Boothbay Harbor, Maine

Photo: Spruce Point Inn Resort & Spa

This summer looked like it was going to be a bust. For months, you could barely venture outside, much less make travel plans. Those already in the works were quickly canceled. New ones seemed futile. It looked like you’d be spending the hottest months of the year indoors and your vacation days would go to waste. Then relief, in the form of decreasing COVID-19 cases, arrived.

As soon as Maine began allowing visitors from your state—thanks to improved public health metrics—you started planning your first New England getaway since the beginning of the pandemic. Maine is known as America’s Summer Playground, so you try to plan a midcoast trip every July or August. You go for the rugged coastline, the cute fishing villages, and the fresh seafood. You spend your days playing on the beach, taking scenic drives, and picking blueberries. And you always stay somewhere with an ocean view.

Boothbay Harbor has become one of your favorite towns over the years. The working fishing community lies about an hour Downeast of Portland. That certainly sounds like you’re heading south, but it’s actually north to a specific part of the coast. Boothbay Harbor was first settled as a seasonal camp after the English bought the Boothbay Peninsula from the Algonquins. The settlement didn’t last through two Northeast wars—King Philip’s and King William’s—but its deep, protected harbor was eventually revived as a fishing center. It’s now home to the extensive Coastal Maine Botanical Gardens, the Maine State Aquarium, the restored Pythian Opera House, and an adorable downtown.

Photo: Spruce Point Inn Resort & Spa

Your favorite spot in Boothbay Harbor sits near the tip of the peninsula that juts into the harbor. It’s Spruce Point Inn Resort & Spa. Similar to the town, this resort has a lot of history. In 1892, a private fishing and hunting camp was built on the 57-acre property. The secluded spot was mostly wooded before dropping into “Boothbay’s pool.” That would be the Atlantic Ocean. The camp became a teahouse in 1902, and then an inn 10 years later. In the last 100-plus years, that inn has undergone major renovations, welcomed high-profile guests, and perfected the classic Maine experience.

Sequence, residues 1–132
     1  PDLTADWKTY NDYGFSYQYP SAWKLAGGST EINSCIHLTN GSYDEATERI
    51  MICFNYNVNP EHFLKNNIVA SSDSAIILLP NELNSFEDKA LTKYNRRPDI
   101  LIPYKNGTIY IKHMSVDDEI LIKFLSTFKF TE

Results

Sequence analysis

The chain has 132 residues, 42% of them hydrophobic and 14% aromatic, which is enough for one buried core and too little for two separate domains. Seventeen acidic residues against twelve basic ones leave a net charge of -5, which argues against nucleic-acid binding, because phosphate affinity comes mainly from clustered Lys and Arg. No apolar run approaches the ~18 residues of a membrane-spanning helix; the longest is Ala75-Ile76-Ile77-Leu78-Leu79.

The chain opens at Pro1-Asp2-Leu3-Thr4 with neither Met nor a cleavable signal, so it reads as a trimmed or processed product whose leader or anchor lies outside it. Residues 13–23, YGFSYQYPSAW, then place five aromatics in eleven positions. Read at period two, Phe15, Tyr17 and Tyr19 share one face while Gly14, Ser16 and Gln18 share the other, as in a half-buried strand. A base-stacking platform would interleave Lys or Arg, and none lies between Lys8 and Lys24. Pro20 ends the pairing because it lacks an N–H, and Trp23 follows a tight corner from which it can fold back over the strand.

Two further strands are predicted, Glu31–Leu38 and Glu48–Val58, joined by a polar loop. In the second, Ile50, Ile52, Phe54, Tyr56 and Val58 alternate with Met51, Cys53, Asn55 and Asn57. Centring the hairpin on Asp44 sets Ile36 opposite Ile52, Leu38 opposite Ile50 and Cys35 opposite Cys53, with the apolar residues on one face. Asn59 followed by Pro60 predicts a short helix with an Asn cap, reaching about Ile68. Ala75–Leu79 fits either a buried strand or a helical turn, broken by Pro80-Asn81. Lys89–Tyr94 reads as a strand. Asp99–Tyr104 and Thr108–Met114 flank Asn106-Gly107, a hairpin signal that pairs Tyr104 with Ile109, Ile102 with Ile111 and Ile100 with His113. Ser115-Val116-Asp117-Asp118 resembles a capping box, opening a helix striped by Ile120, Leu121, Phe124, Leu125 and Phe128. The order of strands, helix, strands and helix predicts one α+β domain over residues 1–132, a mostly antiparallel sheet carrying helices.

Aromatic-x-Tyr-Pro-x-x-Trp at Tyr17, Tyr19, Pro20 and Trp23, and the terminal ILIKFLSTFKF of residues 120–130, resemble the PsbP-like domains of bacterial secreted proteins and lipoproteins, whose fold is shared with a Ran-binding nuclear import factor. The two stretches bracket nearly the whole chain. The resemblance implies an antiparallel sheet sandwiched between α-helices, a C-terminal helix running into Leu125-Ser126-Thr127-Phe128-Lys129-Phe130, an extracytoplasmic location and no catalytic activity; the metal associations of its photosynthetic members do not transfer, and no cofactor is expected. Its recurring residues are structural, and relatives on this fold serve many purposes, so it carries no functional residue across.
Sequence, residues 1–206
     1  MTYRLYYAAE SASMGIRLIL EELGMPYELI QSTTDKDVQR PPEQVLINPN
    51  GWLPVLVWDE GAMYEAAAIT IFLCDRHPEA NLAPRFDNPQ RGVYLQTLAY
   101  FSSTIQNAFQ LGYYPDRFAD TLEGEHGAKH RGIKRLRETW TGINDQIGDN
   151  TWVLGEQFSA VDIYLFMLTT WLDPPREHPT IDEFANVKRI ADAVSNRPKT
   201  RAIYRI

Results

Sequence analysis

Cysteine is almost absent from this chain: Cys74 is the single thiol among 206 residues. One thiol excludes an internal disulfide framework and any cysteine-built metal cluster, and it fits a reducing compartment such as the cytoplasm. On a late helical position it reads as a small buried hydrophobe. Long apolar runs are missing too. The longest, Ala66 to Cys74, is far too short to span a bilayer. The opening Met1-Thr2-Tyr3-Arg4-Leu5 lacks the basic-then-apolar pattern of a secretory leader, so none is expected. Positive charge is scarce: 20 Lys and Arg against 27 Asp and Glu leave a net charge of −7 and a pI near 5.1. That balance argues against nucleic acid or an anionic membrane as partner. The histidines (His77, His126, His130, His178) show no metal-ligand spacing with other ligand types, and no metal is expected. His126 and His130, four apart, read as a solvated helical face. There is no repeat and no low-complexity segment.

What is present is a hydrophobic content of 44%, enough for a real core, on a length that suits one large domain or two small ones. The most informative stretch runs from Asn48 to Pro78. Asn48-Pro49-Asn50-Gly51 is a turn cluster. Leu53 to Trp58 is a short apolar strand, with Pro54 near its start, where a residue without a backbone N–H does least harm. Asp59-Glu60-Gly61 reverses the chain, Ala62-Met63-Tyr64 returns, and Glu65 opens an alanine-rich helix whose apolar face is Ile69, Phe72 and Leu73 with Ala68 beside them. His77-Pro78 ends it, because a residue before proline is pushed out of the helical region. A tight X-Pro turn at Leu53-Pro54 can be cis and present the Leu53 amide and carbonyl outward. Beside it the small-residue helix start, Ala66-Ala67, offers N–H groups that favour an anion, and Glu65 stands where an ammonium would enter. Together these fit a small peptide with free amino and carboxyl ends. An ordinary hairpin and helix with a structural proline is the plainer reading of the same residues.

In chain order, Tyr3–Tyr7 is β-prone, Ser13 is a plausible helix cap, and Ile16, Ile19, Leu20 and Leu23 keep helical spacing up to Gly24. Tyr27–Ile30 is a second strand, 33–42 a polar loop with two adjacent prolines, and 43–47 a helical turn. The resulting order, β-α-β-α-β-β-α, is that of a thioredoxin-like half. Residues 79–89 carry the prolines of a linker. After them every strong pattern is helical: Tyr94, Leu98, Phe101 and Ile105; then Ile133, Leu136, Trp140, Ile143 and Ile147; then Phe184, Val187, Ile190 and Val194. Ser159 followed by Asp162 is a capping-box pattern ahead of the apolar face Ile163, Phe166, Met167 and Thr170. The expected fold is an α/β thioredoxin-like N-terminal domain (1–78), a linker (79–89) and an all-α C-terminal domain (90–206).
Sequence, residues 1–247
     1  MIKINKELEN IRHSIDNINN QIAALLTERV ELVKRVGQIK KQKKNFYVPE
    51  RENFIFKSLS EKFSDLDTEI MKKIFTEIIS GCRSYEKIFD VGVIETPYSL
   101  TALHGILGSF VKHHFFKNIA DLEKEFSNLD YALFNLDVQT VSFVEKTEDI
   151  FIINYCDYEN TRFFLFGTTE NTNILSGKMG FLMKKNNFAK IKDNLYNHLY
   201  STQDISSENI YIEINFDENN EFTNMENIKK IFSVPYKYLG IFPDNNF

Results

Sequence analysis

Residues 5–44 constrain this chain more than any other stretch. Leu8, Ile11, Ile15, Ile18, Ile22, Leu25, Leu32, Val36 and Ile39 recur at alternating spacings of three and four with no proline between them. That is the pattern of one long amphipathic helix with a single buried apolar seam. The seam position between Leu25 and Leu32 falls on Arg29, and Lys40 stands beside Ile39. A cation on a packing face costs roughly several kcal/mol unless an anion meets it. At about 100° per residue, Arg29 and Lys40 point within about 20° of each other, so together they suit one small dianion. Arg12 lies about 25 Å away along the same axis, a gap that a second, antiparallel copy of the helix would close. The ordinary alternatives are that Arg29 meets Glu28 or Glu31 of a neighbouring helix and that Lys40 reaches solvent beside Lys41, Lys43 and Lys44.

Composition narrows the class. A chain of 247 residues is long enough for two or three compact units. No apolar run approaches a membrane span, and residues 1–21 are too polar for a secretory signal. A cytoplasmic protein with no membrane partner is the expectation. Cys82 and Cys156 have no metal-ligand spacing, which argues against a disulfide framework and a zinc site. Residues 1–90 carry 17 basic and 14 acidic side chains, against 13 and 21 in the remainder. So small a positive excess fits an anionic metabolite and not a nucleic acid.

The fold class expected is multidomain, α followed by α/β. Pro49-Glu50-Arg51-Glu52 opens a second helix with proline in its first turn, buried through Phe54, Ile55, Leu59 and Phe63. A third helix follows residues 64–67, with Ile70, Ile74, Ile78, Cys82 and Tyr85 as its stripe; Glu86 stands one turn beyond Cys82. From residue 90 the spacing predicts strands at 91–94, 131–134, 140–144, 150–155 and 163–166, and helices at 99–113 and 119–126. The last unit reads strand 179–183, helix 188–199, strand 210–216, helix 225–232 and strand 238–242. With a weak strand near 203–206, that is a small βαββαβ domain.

Little has changed in the resort’s main house over the years. It still has hardwood floors, cozy chairs, and windows open to catch the sea breeze. Cottages, lodges, and townhouses have been added to the property over time. Your preferred room is still right upstairs, though. The Captain’s Quarters has a king-size bed and a corner writing desk. Historical photos of the inn are on the walls. Poland Spring water and Green Mountain Coffee are among the amenities. While French doors open onto the porch, where green Adirondack chairs sit. You look forward to having a cup of coffee and a warm blueberry muffin there in the morning as you dream about the yachts on the sparkling water below.

Your deck is also a great spot to plan your Maine adventures. A cruise and oyster tasting along the Damariscotta River. A clambake on Cabbage Island. A day trip to hike on little Monhegan Island. A harbor cruise on The Novelty, which doubles as the Squirrel Island Ferry. A lighthouse tour by sea kayak. A lobster dish with every meal. A s’mores station out by the campfire. It finally feels like summer.

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